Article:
It took me three weeks to write one email.
Check that, it took me 40 years to write one email.
My buddy Kevin Peyton and I were talking before the event. We were there to support our friend Jen Powers and her charity Tried and True Parenting.
Tried and True sets out to give parents the tools needed to do the most important job on Earth–raise a child.
Kevin asked me “how long did it take to write your book”?
Without skipping a beat, I said “40 years”.
The light went off in his head, he immediately knew what I was saying.
He was looking for tips for writing his own and was maybe looking for a more reasonable timeframe.
But, it’s true. It took me 40 years to write my book. I couldn’t have written it 20 years ago. I couldn’t have written it 10 years ago.
All of my life experiences, education, professional experiences were needed to produce this book–my story, my business religion.
So, recently I decided to write a weekly email to reach out to my past podcast guests. I needed a way to stay in touch with them so as to deepen our relationship. As described in my book, the best way to do this is through storytelling, hence the email.
As I started writing the first email I got stuck.
What do I want to say? What do they want to hear? How could I bring value to them? What in the world would make them open my email every week?
There are only a handful of people that when I get their emails, I immediately read them–every single time.
Who is that you ask?
First, my wife. Next, my two kids. Of course my family, why? Relationship.
So, when a marketer sends me an email, soliciting, I can’t delete it fast enough. Why? No relationship.
However, there are a few marketers that whenever I see their name attached to an email, I open it immediately!
Ryan Fletcher, Ryan France, Eric Verdi, Jay Lieberman, and Seth Godin.
Who are they?
Fletcher, France, Verdi and Lieberman is not a law firm, no, they are my brothers. Not biological brothers, but kindred spirits. Writers, entrepreneurs, visionaries. All building their businesses for a cause.
Why would I open their emails and read their content every time?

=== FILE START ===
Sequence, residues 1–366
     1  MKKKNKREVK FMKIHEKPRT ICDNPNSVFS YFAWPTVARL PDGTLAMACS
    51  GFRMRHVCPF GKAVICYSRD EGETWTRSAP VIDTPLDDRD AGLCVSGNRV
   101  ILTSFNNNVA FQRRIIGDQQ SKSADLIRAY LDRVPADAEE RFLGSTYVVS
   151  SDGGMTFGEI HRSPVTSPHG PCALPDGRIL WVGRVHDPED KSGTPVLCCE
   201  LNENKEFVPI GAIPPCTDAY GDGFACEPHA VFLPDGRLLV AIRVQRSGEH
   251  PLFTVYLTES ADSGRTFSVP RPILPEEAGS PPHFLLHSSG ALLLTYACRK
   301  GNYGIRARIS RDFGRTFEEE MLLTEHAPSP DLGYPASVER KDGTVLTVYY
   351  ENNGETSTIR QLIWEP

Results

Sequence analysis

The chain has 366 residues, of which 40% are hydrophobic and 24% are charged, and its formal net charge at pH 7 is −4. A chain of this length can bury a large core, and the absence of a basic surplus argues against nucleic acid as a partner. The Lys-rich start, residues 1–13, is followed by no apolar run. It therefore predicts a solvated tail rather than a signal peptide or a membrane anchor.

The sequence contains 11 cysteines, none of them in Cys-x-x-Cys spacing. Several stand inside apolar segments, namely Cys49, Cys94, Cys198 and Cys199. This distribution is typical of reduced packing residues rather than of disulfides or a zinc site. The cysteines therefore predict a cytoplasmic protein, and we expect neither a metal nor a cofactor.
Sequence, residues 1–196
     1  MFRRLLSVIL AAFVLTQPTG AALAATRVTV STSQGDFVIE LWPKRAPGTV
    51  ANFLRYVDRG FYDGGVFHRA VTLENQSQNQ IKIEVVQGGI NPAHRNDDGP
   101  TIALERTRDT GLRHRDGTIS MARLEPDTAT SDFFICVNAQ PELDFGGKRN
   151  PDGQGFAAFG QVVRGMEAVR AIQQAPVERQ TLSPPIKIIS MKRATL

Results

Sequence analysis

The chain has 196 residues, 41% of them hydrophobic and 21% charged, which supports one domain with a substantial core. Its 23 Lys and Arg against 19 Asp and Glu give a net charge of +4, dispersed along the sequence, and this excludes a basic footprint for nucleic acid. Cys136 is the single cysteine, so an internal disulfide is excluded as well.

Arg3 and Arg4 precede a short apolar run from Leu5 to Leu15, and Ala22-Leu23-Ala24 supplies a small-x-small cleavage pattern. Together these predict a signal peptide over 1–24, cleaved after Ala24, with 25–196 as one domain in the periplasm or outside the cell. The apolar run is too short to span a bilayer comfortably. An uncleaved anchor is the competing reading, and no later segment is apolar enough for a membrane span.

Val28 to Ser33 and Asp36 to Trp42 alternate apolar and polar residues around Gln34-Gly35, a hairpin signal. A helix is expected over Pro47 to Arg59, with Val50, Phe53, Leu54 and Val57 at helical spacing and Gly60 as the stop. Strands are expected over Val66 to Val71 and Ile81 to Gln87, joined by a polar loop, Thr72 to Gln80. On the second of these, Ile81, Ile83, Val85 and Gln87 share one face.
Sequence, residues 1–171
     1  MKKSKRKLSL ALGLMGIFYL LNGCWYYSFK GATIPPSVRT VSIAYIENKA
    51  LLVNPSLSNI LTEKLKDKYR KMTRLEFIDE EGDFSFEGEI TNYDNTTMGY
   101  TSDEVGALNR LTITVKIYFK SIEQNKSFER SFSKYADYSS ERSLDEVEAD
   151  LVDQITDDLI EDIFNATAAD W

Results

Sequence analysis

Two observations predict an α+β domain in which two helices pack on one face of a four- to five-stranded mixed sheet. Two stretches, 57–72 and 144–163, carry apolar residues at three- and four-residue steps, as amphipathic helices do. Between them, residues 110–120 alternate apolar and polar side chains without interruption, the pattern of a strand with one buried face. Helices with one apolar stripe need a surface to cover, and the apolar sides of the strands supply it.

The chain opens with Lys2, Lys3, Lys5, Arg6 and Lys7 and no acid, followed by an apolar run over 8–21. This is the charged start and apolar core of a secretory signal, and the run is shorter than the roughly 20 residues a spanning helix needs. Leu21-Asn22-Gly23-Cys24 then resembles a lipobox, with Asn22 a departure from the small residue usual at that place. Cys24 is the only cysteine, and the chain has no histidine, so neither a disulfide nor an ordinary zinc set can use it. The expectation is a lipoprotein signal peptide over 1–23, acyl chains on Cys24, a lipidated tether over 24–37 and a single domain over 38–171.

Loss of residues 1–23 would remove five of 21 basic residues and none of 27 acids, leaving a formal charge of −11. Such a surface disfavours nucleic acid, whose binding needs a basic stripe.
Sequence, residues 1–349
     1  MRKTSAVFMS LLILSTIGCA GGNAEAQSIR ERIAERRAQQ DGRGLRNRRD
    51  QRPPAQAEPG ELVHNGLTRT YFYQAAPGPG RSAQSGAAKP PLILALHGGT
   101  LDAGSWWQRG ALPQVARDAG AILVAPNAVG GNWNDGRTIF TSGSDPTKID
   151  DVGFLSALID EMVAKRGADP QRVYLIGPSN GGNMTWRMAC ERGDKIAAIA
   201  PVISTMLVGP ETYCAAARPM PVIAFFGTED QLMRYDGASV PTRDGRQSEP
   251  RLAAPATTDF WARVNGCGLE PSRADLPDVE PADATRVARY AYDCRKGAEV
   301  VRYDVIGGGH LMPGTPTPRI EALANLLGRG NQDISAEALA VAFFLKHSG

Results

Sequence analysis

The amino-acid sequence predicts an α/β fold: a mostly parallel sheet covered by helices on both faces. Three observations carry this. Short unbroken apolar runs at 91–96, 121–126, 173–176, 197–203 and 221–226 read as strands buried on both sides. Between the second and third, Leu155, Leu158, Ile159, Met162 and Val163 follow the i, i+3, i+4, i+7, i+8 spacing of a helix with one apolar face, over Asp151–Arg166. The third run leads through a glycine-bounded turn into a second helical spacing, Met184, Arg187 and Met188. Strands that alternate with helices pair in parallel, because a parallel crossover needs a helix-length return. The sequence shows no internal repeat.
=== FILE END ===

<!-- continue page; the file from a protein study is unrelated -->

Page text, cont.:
First of all they bring value. They write about subjects for which I am most interested. Storytelling, philanthropy, self development, business building.
Second, by reading their writing, I feel like I have become connected to them. You know, like family. My tribe. Around a set of shared beliefs.
Which is also why I open Seth Godin’s emails.
Seth Godin is a writer, entrepreneur, and marketing expert. I found him by listening to my tribe. He was mentioned so many times I had to hear what he had to say.
Seth Godin keeps my attention because he brings me value with every email, and of course I feel like we are family. Part of a tribe.
All of these characters have built with me a relationship. These writers have won me over through making a connection through their storytelling.
That’s what I wanted to do with my first email. Connect with my audience, so that when my next email shows up in their inbox, they will, like I do with my tribe, anxiously open it.
So, I ordered my Starbucks Tall Blonde Roast, added 2 pats of Kerry Gold butter, splashed in some Brain Octane and started to compose my first ever weekly email.
What to write?
My goal is to write a weekly email in story form. Each week I unveil a new episode to keep the audience coming back. Not just my current audience but future readers as well.
How to begin?
I needed an origin.
That’s where 40 years of life kicked in.
I wrote about the biggest failure of my life.
Yep. I just laid it out there, my biggest failure.
What’s that you say? What was my biggest failure? Well, you’re gonna have to subscribe to my weekly email at www.SalespersonToSuperhero.com to find out.
It took me three weeks to write that email. Why? I wanted to set up the premise–one of the greatest comebacks ever.
Now, I might fail. I might never have the comeback I hope for. But, I know this: I ain’t no quitter, and if I fail, I’m going down fighting.
Even a fighter who fails trying is a compelling story, don’t you think?
That, my friend, is how an email takes 40 years to write.
I’m can’t wait to see what the next 40 years brings.